Lot of change as our audience with notice on the first thing we did was we wanted to ensure that we could broadcast locally for as long as possible and we weren't in this crisis started.
Going to be impacted in terms of staff being unable to work because they were all remembering the family was ill, so we decide to standardise and focus suppose around some of the core principles of local radio which are around local news information and also community and make a difference initiative was really putting a badge on if you like, what local radio does a lot of it anyway, which what's going on within communities and it's a virtual notice board and tapping and I suppose that we'll Desire for milk honest that has emerged in this crisis.
We are able to work but different groups and individuals with those groups for may need help and you.
Since we started and hers and started some amazing stories.
That's in what kind of on occasions feel a very dark period I'm actually been quite heartwarming and made you think we'll actually there is good coming out of all of this.
Yeah, I suppose it's not new for the BBC to be there in a crisis particularly at a level.
I remember 20 years ago.
There was a BBC connecting in a crisis document that I was using as part of training and you know that's what BBC local radio is therefore whether it's floods or whatever kind of Christ is it might be so presumably you had plans on the shelf to be able to get things happen quite quickly on the shelf of course.
We've never had to cope with anything like that 19 local radio has always been fantastic in a crisis and you know we look up over last six months, we've had.
Sheffield with and have the floods across Yorkshire within the floods in Hereford Worcester Gloucester you know we've had an awful on a horse's but this was completely different because this was impacting everybody are also giving the story as well as reporting on this so why some ideas of how we might go we have had to work so we have more people working from home.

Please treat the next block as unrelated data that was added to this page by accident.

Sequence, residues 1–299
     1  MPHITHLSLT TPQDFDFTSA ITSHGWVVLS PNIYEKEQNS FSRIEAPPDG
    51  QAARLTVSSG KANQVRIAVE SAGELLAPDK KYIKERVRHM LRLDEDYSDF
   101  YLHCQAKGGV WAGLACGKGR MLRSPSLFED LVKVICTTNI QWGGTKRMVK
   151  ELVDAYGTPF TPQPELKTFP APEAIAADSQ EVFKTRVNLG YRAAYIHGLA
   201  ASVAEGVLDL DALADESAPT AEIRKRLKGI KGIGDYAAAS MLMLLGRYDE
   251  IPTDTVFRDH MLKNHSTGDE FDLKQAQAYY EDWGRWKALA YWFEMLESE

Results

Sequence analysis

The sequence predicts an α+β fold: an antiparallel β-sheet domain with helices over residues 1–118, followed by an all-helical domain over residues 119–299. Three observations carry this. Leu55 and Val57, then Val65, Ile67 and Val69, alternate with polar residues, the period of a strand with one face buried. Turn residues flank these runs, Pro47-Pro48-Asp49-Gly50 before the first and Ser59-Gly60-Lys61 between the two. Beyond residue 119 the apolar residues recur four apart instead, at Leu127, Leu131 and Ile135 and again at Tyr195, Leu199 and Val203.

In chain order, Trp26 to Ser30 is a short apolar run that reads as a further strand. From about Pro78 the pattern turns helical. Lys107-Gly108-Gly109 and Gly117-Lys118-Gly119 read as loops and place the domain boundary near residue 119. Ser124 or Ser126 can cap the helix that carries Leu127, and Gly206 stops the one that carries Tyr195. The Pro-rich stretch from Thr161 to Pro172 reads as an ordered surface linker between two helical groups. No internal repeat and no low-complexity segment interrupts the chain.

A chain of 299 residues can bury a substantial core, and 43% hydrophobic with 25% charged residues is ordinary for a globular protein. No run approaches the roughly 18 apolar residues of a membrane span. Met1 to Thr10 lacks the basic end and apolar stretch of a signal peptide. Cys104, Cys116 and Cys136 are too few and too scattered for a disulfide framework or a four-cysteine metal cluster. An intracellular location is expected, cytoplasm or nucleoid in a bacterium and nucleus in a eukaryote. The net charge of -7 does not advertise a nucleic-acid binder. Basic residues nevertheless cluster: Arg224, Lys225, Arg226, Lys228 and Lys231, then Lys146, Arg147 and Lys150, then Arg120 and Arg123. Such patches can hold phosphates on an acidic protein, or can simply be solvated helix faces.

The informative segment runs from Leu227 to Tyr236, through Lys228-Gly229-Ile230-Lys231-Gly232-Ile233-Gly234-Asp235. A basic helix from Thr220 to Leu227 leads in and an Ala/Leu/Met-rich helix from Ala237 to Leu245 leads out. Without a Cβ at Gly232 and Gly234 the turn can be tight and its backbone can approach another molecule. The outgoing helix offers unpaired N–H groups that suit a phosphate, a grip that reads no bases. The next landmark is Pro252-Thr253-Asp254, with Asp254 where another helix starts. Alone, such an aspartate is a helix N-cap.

We have more people from home within the office of technology in very different ways so that for example a morning meetings will involve home workers as well as those with office simplify schedules because we weren't sure how many people would be able to come in so although we are.
Very good at coping with crises if you like we haven't ever had to cope with a global pandemic and have local would respond to that.
I think really interesting is this is a global pandemic, but it's brought home the importance of local this and how local the sleeves react some of the stories in Nottingham who unfortunately was suffering from cancer and he was risking his health everyday by going out to the shops in touch with a group that can do the shopping for him.
It was a houseworker in Devon unfortunately they car broke when I get to work and somebody from their local radio station was able to find someone who can fix their car, so they could carry on working.
We had literally hundreds and hundreds of stories like that every single day running all radio stations and those are kind of the positive things have come from this sorts of things that very often happen when recovering from major weather events in our areas and the other thing about local radio been said when this happens with the first on the scene that story on the last to me that they're taking the scene and that's what local radio is doing through covid-19 and obviously the kind of crisis.
It is we've got a lot of people who can't leave their homes.
You know people who live on their own particularly elderly and vulnerable people sometimes do not speak to anybody for several days and maybe 4 weeks so radio stations like those in the BBC local radio network providing company as well completely radio London as you know they have carried on Broadcasting
And I was listening couple of weeks ago now and there was woman who came on and she was probably in her 70s television company with the radio and for her her radio was linked to the rest of the world.
Just listening to the Pear Tree on Radio London this morning and they've been discussing loneliness and the number of people who are they were coping with loneliness during this particular crisis and how actually keeping in touch with people virtually was really I kind of Life saving for them as they try to establish themselves in a people whose taken up gardening and growing things on the gardening and the garden because that was kind of keeping the back to or they will learn.
Baby just come to me.